James Vincent McDonough was born in Chicago in 1888, his father and younger brother were both Chicago police officers. Primarily a catcher, the 5’ 10” 180 pound right-handed hitter first made a name for himself in the Chicago City League with the Auburn Parks and the Rogers Parks.
In 1911 he joined the Grand Rapids Furniture Makers in the Central League; in July The Sporting Life said he was traded to the Terre Haute Miners. He finished the season with the Traverse City Reporters in the Michigan State League, and then returned to Chicago.
In 1912 and ’13 McDonough was one of the more popular members of Chicago’s entries in the United States and Federal Leagues. He also started the 1914 season as a member of Joe Tinker’s Whales in the Federal league, although The Chicago Tribune said he was “handicapped this spring with a sore arm,” he played in the club’s final exhibition game in Covington, Kentucky, collecting two hits but never appeared in a game during the regular season, and was released in May.
That same month McDonough returned to semi-pro ball in Chicago and married the Marion Delores Jordan.
He remained a popular enough figure in Chicago baseball circles that his wedding and the brief marital scandal that followed in 1916 was reported in the local press. The Tribune said:
“A ‘poisoned phone’ almost brought about the complete separation of Jim McDonough, the former backstop of the Federal baseball team, and his wife a few days ago. For the last two weeks girls called up Mrs. McDonough every night and told her that her beloved hubby was not the saint she thought him.
“’These naughty girls,’ said the young Mrs. McDonough, ‘said Jim was out drinking champagne with them. It almost drove me to nervous prostration. Jim always denied the stories, but by that time I had grown to suspect him.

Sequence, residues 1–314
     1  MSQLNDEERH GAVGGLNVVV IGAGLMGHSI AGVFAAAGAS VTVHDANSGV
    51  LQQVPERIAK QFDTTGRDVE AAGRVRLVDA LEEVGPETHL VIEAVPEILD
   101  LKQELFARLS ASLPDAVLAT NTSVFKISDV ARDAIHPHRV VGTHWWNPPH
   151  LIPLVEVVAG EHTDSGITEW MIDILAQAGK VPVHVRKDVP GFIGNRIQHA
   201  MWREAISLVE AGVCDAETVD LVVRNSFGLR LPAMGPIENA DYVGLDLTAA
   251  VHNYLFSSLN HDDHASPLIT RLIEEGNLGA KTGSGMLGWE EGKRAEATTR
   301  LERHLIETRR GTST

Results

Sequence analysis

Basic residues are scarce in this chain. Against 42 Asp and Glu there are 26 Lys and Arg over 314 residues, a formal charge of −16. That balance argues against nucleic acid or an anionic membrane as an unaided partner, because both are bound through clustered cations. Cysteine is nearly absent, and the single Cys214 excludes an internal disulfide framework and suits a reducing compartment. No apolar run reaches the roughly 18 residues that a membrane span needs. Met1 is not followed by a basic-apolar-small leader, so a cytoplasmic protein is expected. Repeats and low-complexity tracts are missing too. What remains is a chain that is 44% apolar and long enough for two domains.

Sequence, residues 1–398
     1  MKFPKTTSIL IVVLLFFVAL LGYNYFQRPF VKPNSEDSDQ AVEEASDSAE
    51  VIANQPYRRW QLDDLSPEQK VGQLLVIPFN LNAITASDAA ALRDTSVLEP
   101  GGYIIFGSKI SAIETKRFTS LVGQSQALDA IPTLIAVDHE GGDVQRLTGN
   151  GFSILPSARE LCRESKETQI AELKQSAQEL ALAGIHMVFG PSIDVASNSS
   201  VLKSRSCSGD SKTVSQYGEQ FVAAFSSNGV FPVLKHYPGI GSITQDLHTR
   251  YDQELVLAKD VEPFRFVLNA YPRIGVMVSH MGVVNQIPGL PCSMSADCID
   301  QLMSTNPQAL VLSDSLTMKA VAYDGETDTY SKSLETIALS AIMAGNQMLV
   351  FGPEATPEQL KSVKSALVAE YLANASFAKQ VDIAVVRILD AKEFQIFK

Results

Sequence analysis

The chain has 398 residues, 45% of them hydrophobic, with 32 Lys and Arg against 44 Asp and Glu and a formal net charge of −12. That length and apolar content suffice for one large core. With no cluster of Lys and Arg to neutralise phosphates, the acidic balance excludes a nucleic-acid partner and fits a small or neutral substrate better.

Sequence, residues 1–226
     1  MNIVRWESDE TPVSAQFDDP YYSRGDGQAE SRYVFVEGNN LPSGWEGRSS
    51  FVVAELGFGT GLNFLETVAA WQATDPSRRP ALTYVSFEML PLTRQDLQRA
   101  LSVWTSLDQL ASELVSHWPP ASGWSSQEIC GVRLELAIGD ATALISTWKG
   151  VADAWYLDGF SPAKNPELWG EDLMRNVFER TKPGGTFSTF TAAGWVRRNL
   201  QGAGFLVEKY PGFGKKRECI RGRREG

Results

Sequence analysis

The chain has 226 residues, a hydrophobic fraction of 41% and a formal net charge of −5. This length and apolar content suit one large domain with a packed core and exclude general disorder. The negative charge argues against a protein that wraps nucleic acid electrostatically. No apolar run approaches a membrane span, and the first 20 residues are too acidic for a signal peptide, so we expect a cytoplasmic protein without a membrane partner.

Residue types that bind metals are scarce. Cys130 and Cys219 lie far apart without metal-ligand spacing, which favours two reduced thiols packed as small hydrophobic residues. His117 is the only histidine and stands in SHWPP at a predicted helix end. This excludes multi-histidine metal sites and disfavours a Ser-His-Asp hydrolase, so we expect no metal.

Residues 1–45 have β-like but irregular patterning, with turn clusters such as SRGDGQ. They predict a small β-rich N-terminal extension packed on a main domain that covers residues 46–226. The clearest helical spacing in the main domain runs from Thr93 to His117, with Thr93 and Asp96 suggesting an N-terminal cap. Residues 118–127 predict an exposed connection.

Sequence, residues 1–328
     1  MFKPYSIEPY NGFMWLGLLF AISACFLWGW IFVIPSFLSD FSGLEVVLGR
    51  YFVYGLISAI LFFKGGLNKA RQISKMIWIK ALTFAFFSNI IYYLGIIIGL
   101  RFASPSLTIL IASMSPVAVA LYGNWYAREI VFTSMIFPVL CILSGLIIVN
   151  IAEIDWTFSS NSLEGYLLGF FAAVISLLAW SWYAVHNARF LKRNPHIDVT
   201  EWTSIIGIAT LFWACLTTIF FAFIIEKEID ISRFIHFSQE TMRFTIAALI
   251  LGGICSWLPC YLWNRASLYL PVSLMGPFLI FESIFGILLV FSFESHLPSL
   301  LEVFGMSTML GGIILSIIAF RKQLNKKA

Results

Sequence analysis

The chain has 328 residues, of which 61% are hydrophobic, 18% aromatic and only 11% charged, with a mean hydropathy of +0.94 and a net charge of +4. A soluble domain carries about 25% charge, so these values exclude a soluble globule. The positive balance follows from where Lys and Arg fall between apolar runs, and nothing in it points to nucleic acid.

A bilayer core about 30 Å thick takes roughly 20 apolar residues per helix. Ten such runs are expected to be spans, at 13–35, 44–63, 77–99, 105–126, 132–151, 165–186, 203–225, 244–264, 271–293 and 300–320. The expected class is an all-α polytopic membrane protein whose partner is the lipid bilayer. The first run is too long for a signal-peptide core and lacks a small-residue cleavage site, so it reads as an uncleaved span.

“’Then I went home to mother’s. Three days later I saw a lawyer and filed a bill for a divorce. Then the most wonderful thing in the world happened. Jim came to me and told me he had done nothing wrong and that he loved me more than ever.”
The couple reconciled.
On April 22, 1918 McDonough made the papers for the final time. The Chicago Examiner said:
“James McDonough, well-known as a catcher in the Chicago Federal League baseball team the first year of that organization’s existence, shot and killed his wife last night. Then he killed himself with a bullet through his temple…Mrs. McDonough left the former ballplayer several months ago, charging that he failed to support her and their two children…McDonough was 29-years-old and subject to the draft. At the time of the separation Mrs. McDonough refused to sign exemption papers for him. Several times since, it is said, he begged her to return to him or sign the exemption papers.”
The two had an altercation outside a drug store on Chicago’s South side.
“Noticing that they were attracting attention, the couple walked away. At 4250 Vincennes Ave., McDonough pushed his wife into a hallway. A moment later he shot her twice, once in the temple and once just below the heart. Then he sent a bullet into his own head.”
Both were taken to a nearby residence. McDonough died after 10 minutes, his wife died 30 minutes later.
Although it appears he never played organized baseball after 1914, his Cook County, Illinois death certificate listed his profession as “Ballplayer.”